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How to Edit Videos

In addition to static designs, CE.SDK also allows you to create and edit videos. Working with videos introduces the concept of time into the scene, which requires you to switch the scene into the "Video" mode.

In this mode, each page in the scene has its own separate timeline within which its children can be placed. The "playback/time" property of each page controls the progress of time through the page.

In order to add videos to your pages, you can add a block with a "//ly.img.ubq/fill/video" fill. As the playback time of the page progresses, the corresponding point in time of the video fill is rendered by the block.

You can also customize the video fill's trim in order to control the portion of the video that should be looped while the block is visible.

//ly.img.ubq/audio blocks can be added to the page in order to play an audio file during playback.

The playback/timeOffset property controls after how many seconds the audio should begin to play, while the duration property defines how long the audio should play. The same APIs can be used for other design blocks as well, such as text or graphic blocks.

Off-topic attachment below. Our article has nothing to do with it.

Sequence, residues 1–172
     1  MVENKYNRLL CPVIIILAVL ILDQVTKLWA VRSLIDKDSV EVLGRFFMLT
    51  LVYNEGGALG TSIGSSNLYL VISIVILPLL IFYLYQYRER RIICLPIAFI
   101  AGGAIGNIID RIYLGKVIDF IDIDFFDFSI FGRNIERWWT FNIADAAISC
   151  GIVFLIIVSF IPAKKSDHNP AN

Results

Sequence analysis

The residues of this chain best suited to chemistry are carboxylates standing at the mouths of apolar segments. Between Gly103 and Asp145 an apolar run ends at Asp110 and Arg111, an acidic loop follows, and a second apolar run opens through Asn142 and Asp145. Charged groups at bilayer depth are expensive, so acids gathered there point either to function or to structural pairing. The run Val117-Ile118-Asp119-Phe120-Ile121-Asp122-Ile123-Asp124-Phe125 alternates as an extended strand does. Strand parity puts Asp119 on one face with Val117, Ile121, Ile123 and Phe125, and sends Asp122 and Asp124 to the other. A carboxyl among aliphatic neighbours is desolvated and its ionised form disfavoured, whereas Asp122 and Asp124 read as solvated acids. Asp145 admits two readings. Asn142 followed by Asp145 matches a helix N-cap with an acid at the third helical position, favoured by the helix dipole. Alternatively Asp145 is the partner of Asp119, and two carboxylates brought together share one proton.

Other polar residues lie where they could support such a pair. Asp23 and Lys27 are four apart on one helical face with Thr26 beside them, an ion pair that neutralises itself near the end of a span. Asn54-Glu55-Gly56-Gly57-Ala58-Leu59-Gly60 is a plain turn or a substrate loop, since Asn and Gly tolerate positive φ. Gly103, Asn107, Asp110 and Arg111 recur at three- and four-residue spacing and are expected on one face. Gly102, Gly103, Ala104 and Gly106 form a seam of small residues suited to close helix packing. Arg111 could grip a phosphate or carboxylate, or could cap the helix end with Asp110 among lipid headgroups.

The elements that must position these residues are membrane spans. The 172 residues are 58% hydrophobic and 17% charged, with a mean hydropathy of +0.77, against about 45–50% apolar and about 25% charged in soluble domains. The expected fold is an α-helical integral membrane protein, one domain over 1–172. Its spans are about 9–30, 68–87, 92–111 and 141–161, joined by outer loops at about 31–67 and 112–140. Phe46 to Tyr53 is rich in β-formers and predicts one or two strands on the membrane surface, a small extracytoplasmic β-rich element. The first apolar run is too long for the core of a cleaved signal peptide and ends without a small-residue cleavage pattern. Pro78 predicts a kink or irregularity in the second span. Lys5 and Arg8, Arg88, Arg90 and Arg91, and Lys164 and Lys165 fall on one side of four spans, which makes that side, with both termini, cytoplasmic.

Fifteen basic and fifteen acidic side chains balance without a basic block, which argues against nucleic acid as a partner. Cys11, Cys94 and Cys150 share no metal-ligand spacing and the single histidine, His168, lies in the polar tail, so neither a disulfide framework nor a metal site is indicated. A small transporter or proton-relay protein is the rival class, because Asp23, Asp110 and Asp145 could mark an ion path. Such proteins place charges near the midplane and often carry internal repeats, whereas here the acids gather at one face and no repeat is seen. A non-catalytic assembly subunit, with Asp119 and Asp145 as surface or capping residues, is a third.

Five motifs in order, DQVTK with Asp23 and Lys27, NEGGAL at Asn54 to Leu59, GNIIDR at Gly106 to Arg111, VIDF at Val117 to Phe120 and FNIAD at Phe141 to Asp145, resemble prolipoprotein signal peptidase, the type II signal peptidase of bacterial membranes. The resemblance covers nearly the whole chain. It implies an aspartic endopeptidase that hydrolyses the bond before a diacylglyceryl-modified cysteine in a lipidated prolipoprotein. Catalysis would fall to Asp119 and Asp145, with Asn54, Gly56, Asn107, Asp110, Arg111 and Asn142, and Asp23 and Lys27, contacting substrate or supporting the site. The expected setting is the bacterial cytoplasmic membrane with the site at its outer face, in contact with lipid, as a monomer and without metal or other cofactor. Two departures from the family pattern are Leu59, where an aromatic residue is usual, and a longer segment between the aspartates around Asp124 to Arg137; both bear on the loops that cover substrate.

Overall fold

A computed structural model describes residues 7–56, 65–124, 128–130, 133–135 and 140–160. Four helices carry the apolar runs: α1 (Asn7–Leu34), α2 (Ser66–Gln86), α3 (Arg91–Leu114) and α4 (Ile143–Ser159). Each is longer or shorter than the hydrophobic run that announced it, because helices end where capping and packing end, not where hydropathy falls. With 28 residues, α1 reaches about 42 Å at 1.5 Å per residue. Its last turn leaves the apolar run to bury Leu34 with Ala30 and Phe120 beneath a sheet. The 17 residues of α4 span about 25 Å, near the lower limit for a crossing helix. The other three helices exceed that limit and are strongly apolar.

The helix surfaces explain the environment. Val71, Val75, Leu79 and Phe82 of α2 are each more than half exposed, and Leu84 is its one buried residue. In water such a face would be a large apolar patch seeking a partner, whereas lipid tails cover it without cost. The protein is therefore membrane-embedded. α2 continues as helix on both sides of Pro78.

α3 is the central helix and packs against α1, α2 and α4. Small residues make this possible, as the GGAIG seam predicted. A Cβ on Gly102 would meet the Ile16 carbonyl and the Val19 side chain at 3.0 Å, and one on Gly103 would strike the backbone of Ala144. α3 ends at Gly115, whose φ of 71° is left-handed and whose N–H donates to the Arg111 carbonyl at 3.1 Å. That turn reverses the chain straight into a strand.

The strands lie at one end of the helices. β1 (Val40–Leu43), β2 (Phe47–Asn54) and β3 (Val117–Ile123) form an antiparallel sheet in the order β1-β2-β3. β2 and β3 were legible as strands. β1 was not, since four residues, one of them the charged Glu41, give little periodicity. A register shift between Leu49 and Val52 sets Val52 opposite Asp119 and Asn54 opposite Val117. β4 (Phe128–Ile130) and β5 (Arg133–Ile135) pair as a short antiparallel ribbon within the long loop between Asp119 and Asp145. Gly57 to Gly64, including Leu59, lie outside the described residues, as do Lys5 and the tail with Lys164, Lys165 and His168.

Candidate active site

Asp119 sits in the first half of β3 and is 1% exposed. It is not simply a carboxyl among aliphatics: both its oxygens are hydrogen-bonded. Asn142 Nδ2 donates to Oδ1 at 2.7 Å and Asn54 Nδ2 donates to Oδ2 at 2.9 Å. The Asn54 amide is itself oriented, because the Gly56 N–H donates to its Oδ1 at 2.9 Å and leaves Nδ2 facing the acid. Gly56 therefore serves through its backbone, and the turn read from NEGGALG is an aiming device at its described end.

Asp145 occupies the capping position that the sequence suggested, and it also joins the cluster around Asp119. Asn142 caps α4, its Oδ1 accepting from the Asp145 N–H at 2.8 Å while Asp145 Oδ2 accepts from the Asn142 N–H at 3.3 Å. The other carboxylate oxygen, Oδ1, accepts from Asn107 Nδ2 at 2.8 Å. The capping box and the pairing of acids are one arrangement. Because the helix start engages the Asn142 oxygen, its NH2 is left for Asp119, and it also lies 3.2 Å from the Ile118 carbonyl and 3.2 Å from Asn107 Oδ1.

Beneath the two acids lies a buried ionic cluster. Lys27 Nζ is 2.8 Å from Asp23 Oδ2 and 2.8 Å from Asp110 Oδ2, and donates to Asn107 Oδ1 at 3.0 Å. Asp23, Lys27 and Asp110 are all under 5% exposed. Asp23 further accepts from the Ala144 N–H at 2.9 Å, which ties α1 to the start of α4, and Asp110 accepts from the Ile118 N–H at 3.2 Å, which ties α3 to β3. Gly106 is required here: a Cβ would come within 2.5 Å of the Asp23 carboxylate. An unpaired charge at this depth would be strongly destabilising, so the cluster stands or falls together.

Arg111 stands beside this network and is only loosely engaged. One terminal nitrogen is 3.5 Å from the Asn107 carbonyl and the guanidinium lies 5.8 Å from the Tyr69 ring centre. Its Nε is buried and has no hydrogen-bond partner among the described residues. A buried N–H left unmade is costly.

Finally, the whole page can be exported as a video file using the block.exportVideo function.

Explore a full code sample on Stackblitz or view the code on Github.


This example uses the headless Creative Engine. See the Setup article for a detailed guide. To get started right away, you can also access the block API within a running CE.SDK instance via cesdk.engine.block. Check out the APIs Overview to see that illustrated in more detail.

Creating a Video Scene#

First, we create a scene that is set up for video editing by calling the scene.createVideo() API. Then we create a page, add it to the scene and define its dimensions. This page will hold our composition.

Setting Page Durations#

Next, we define the duration of the page using the setDuration(block: number, duration: number): void API to be 20 seconds long. This will be the total duration of our exported video in the end.

Adding Videos#

In this example, we want to show two videos, one after the other. For this, we first create two graphic blocks and assign two 'video' fills to them.

Creating a Track#

While we could add the two blocks directly to the page and and manually set their sizes and time offsets, we can alternatively also use the track block to simplify this work. A track automatically adjusts the time offsets of its children to make sure that they play one after another without any gaps, based on each child's duration.

Tracks themselves cannot be selected directly by clicking on the canvas, nor do they have any visual representation.

We create a track block, add it to the page and add both videos in the order in which they should play as the track's children. Next, we use the fillParent API, which will resize all children of the track to the same dimensions as the page.